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Infiniment: 40 Chansons (remastered - high definition)
Infiniment: 40 Chansons (remastered - high definition)
Price: £12.36

7 of 7 people found the following review helpful
4.0 out of 5 stars Jacques Brel est BELGE!!!!, 17 Nov. 2010
JACQUES BREL WAS BELGIAN, NOT FRENCH!!! He just sang (mostly) in French. Get it right, Amazon...Those Belgians have got enough to worry about without you getting their cultural icons wrong!

Get this CD, it's great. Faves are Bruxelles (hint?), La Biere and Amsterdam. There's even one song where he has a go at singing in Flemish!
Comment Comment (1) | Permalink | Most recent comment: Sep 24, 2013 10:56 AM BST


1 of 3 people found the following review helpful
1.0 out of 5 stars Woeful, 30 Jun. 2009
This review is from: Mountains (Audio CD)
I was a massive Biffy Clyro fan when they were first around, and I would like to think I have some taste for what is good music, and what isn't. This is really, really bad, and nothing like the standard I would expect from the band, although I didn't like "Puzzles" that much either, to be honest. Bad lyrics, monotonous, dull music. Some people might like it though, even if I don't. If you want to hear this band at their best, get "The Vertigo of Bliss", which is a cracker.

Language in Danger: How Language Loss Threatens Our Future
Language in Danger: How Language Loss Threatens Our Future
by Andrew Dalby
Edition: Paperback

2 of 2 people found the following review helpful
4.0 out of 5 stars A fine account, 21 Jun. 2005
I read this book last summer, and, although it took the best part of two months to read, it is a highly interesting and enlightened account of a very real and almost insurmountable problem - the death of languages spoken by the human race across the globe. Dalby deals with the subject matter admirably, and he has evidently done a huge amount of research. I found it particularly interesting to find out more about the definite origins of languages, particularly English (to find out more, read "The English Language" by David Crystal), as it is such a mish-mash of influences, and he gives wonderful accounts of the Native Indian languages of America and various minority languages spattered across Europe, which one perhaps never knew existed. Anyone minutely concerned about the death of languages (due mainly to the influence of the English language abroad) or interested in any way in linguistics or foregin languages should give this a try. It's an extremely worthwhile read.

Captain Corelli's Mandolin
Captain Corelli's Mandolin
by Louis De Bernières
Edition: Paperback
Price: £8.99

6 of 17 people found the following review helpful
2.0 out of 5 stars Captain Corelli's Mandolin or suitable for the bin?, 17 Mar. 2004
I am in the process of writing my English Coursework (A2) on this novel by Louis de Bernieres. At first, this novel is an enchanting read, particularly for those long summer days when Tim Henman has just lost in Wimbledon and you need a literary fix. However, on second or third reading it becomes increasingly apparent how pretentious de Bernieres is in writing his prose. There are many sections towards the end which you wish he had never written because they ultimately have no real value in reference to the actual enjoyable parts of the book (the scene involving the Nazis and the Greeks is incredibly moving, as are the comical moments involing Corelli, Iannis and Pelagia). He comes across as one of those people you are unfortunate to meet in the pub or on the train who will just talk to you for hours, using the longest words he can dig out from the corners of his South-East England, upper-middle class, publicly educated brain, without caring whether you are actually listening or not. This is the impression you get about his writing towards the end of the story, with his over-elaborate descriptions which are at first dramatic and magical in creating the society of Kefalonia, but end up leaving you swimming in a sea of literary diahorrea. If you have not read this book before, but you are interested, I would definitely recommend it, so you can judge it for yourself. But, if you have only seen the film, steer clear. Then you will soon realise what a shame it is that his greatest work is tarnished by over-enthusiasm and an awful film adaptation.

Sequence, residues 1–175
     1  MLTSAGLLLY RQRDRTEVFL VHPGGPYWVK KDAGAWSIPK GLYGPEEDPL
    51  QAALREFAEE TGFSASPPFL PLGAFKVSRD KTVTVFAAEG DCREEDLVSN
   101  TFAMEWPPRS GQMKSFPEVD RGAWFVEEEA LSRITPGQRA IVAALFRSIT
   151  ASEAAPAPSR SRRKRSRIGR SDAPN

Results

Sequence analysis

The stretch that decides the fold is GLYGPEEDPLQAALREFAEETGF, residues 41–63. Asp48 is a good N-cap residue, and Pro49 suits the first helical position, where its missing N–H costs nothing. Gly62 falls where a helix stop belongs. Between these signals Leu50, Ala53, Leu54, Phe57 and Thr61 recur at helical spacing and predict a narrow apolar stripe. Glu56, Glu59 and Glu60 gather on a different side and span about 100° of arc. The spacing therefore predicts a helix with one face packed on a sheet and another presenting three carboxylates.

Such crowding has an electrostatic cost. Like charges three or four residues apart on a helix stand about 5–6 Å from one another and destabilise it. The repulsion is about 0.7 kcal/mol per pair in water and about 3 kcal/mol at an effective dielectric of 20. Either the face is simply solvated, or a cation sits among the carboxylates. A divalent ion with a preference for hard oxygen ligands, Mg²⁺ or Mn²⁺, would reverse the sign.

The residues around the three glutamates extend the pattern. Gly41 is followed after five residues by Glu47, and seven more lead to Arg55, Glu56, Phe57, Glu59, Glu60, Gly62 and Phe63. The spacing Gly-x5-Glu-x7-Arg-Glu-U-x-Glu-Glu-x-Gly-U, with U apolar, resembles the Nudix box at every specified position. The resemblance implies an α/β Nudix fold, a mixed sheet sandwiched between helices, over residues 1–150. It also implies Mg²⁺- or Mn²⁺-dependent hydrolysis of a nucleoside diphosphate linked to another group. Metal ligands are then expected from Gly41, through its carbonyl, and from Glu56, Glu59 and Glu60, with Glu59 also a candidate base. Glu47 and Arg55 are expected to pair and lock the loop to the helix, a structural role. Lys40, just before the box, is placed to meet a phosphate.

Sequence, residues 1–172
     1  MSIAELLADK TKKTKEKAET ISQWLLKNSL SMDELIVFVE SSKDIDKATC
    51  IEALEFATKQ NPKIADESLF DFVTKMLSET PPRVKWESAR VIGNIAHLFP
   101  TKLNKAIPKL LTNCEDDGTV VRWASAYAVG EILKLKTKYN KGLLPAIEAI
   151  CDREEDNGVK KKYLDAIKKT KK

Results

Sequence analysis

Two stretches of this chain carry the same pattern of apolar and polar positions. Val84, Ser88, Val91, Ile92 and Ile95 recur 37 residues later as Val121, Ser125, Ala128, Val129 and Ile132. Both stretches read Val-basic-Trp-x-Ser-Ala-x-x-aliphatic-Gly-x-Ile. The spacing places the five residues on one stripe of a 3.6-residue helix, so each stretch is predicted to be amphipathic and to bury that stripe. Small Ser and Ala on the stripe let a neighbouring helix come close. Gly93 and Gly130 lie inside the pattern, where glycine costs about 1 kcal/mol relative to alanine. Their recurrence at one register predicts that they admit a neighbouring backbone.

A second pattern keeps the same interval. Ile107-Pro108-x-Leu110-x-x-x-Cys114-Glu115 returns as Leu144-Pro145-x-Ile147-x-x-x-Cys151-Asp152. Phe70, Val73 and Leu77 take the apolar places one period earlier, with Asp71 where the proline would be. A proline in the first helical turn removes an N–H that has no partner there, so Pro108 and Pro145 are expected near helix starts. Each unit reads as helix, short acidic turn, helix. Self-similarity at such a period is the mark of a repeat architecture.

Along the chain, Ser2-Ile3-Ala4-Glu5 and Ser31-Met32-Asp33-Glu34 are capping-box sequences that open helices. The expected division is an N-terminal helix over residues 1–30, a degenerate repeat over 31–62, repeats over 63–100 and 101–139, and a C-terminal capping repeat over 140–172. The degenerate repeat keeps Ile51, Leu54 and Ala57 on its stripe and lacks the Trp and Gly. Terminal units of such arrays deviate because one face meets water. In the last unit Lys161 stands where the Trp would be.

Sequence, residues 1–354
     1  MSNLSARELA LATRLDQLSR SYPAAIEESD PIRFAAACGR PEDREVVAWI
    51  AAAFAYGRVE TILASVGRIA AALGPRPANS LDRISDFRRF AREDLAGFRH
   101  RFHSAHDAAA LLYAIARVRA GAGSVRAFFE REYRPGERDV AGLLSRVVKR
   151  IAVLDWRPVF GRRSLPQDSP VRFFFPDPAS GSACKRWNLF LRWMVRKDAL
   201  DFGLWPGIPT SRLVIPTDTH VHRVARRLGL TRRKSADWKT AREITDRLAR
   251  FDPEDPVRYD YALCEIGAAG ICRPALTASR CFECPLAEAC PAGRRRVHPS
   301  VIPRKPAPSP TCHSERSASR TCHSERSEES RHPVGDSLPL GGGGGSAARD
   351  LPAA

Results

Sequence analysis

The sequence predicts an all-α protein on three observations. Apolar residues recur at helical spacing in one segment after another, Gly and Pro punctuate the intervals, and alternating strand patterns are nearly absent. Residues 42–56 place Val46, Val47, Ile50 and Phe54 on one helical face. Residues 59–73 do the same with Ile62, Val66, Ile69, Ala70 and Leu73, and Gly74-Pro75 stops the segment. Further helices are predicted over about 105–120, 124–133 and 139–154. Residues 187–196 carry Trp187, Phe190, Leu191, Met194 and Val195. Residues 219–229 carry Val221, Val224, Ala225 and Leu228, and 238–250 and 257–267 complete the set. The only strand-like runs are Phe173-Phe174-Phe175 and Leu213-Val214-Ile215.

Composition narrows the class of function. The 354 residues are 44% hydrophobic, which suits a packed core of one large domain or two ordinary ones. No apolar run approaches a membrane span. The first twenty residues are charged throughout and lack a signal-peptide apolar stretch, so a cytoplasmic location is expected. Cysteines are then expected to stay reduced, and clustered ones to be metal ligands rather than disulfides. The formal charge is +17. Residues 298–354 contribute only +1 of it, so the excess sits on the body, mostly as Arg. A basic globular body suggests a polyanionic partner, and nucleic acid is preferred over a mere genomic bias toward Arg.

The Vertigo Of Bliss
The Vertigo Of Bliss
Price: £5.99

3 of 3 people found the following review helpful
4.0 out of 5 stars Biffy Clyro - The Vertigo of Bliss, 24 Jun. 2003
This review is from: The Vertigo Of Bliss (Audio CD)
Although receiving mixed reviews I believe this album to be an excellent step forward for Biffy Clyro from "Blackened Sky".
The songs are far more developed and the ideas and tunes seem to be even more thought out and planned. Most notably, Sean Neil's guitar work and song-writing skills have blossomed into creating even more epic rock than Biffy had before. "Liberate the Illiterate" is a great rock tune, with lovely harmonies; "With Aplomb" and "All the way Down" are musically breathtaking alongside the two singles they have released. The drummer does an amazing job of singing the harmonies - if you see this band live as I have three times, the hairs on the back of your neck will stand on end as you witness him pounding the drums with all his might AND singing (choruses as well).
The main thing with Biffy for me is the atmosphere that their music creates, in a similar way to Tool's, and with this album they continue to do so. If you're a fan buy it. If you want something new and exciting to listen to - BUY THIS ALBUM. You'll love it.

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